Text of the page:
This letter is in response to the Ashland Parks and Recreation Commission meeting Jan. 28. The agenda was to hear testimony about, and to vote on, the proposed plan to restructure Lithia Park’s “Japanese-like” garden into an authentic Japanese Garden.
Preliminary discussion began around June 2018, and continued at the regular meetings of the Ashland Parks Foundation. An impressive professional and artistic design was put forward, and a charitable individual deemed it worthy enough that he offered to donate the funding.
The proposal was on the agenda for discussion at our October meeting. It was presented to the community, and after much discussion, it was decided to orchestrate a site visit for the public. All citizens were invited, and the proposal was greeted with a general approval — with the exception of the removal of two Douglas fir trees, as required by the proposed plan. Several public meetings and testimony/listening sessions ensued.
At the Jan. 28 meeting, commissioners listened to testimony from more than 30 citizens. The main bone of contention seemingly revolved around “spiritual” concerns, and there was considerable heartfelt expression regarding a spiritual connection with the trees in question, or the park, or the garden, or some combination of these. There was also testimony targeting the commission and the project’s financial donor — questioning our integrity, our motives and the process of the entire proposal. Several citizens used shaming, belittling and demeaning tactics in their testimony. Commenters treated the gift/donation/investment to the community as if it were tainted by some ulterior motive.
I was very disappointed and somewhat appalled, to say the least. I fully recognize that every individual has a spiritual value arising from their heart, and that my use of the word “reprehensible” in my comments about some of these unkind testimonies may have been a tad strong, but people need to be more civil, and not be so quick to proffer abuse at every turn.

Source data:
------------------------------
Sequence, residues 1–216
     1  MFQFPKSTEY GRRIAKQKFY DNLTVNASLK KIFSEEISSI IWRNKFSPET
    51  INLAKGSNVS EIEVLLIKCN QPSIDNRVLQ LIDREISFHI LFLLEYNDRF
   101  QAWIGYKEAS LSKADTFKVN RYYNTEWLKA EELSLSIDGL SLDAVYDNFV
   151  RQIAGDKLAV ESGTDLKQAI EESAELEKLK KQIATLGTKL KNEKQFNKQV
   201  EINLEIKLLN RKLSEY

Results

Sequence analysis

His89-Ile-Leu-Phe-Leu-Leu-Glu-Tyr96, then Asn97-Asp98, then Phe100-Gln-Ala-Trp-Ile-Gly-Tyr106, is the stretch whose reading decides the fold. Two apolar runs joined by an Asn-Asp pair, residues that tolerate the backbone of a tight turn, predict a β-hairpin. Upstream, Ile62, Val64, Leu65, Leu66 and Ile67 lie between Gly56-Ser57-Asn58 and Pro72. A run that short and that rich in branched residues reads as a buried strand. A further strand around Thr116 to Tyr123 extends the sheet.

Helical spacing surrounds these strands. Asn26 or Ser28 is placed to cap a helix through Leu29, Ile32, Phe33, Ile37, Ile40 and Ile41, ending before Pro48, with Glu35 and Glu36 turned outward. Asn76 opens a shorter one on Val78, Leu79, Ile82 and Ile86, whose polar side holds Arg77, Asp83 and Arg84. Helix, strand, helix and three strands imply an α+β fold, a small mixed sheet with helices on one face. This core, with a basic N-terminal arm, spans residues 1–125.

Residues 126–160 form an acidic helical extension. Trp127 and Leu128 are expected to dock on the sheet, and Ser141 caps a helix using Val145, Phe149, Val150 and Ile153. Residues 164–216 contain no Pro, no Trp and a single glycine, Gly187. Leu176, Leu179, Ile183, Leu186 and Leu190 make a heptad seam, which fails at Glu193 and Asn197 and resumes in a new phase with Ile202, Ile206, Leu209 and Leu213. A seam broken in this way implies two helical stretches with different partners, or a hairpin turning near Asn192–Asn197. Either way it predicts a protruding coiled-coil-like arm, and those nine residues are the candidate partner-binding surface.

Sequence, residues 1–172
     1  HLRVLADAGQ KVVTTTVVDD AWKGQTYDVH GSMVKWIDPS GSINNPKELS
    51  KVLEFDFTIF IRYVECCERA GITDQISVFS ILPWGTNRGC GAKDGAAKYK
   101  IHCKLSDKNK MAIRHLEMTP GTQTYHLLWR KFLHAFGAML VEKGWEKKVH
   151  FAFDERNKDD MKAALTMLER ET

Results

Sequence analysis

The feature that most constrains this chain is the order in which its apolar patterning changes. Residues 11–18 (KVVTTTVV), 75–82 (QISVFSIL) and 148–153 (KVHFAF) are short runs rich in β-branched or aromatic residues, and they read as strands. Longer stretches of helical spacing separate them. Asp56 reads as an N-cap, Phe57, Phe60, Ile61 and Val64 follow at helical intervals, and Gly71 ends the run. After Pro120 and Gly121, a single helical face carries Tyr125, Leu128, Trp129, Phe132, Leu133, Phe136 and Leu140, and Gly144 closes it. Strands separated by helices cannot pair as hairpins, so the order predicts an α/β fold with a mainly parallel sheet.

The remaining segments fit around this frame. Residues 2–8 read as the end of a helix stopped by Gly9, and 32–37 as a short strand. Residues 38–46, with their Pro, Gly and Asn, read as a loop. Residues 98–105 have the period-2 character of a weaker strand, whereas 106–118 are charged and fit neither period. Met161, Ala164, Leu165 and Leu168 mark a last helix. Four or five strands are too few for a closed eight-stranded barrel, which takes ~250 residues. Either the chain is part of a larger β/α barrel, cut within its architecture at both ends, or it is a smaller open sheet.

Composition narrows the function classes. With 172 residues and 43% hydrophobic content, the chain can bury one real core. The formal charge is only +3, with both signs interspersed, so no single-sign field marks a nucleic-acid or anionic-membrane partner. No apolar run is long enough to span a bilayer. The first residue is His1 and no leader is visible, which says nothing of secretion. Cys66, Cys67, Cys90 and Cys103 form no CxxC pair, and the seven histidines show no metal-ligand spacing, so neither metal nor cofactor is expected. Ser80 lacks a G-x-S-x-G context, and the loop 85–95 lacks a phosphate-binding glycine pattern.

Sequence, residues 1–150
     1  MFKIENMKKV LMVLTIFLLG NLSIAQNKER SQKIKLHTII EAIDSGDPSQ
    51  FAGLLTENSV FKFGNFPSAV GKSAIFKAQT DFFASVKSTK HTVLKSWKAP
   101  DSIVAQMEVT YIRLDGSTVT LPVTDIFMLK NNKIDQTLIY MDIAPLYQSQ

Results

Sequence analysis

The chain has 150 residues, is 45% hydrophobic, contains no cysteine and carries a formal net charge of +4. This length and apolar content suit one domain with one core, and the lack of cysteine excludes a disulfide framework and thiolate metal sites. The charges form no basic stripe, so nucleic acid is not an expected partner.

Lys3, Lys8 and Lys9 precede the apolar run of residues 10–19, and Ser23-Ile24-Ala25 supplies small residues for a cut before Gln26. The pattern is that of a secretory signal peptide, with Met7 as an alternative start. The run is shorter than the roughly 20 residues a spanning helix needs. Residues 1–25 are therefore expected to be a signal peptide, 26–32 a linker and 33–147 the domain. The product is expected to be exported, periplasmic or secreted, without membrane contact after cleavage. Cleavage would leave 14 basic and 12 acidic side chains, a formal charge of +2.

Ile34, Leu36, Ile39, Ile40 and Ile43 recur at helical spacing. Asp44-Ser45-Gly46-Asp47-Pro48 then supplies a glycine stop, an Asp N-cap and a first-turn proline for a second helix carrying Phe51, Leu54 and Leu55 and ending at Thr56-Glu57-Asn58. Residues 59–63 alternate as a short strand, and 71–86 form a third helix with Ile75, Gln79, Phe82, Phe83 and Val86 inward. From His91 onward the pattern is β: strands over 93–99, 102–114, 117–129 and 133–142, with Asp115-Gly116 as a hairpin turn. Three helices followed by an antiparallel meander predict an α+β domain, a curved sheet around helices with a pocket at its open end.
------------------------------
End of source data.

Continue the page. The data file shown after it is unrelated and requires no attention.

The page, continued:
Some of the testimony also dealt with the negative environmental effect of removing the two Douglas fir trees. Trees do have an ability to store carbon, helping to reduce excess carbon in the atmosphere. Granted, this was only two Douglas fir trees out of the millions of Oregon’s Douglas firs (all our homes’ skeletons), but I was curious as to just how much carbon these two trees stored in their 90 years of growth. Using standard tables and charts, it came out to approximately 3 tons of carbon stored in the two trees. Data tell us that an average automobile will release 3 tons of carbon in 30,000 miles. Carbon is still sequestered in the milled wood used in construction. Only if the wood is burned is the carbon “quick-released” into the atmosphere. It is released a little slower if left to rot in the forest. Science helps in centering these discussions.
The community deliberation should instead be about reducing the amount of fossil fuel released into the atmosphere. This is where the vast amount of the carbon footprint is produced. In addition, the Japanese Garden plan proposes adding hundreds of additional trees, reducing somewhat the net carbon loss from the removal of the firs. This may or may not be a complete carbon mitigation as far as the fir trees are concerned, but that is a science project for another day.
In recent years, citizen testimony has become increasingly vocal on complex and controversial issues. This is a good thing, but increasing accusatory allegations and attacks on personal integrity, rather than commenting on the actual issue, is more and more becoming the norm, and does little to further the debate. I do apologize if some of my reactions seemed like overreactions, but I stand by my decision to approve the Japanese Garden Plan as proposed. The overall benefit to the community in social engagement, cultural understanding, spiritual enlightenment, esthetics and educational opportunities are significant and worthy.
Jim Lewis is an Ashland Parks and Recreation commissioner.